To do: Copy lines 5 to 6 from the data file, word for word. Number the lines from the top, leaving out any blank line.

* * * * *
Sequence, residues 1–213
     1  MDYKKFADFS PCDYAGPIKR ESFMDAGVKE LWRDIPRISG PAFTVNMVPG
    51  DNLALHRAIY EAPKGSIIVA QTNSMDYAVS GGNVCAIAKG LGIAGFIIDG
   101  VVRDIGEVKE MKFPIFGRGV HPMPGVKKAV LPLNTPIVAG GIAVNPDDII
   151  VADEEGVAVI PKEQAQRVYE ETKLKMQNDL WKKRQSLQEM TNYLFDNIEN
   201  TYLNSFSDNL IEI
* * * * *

   151  VADEEGVAVI PKEQAQRVYE ETKLKMQNDL WKKRQSLQEM TNYLFDNIEN
   201  TYLNSFSDNL IEI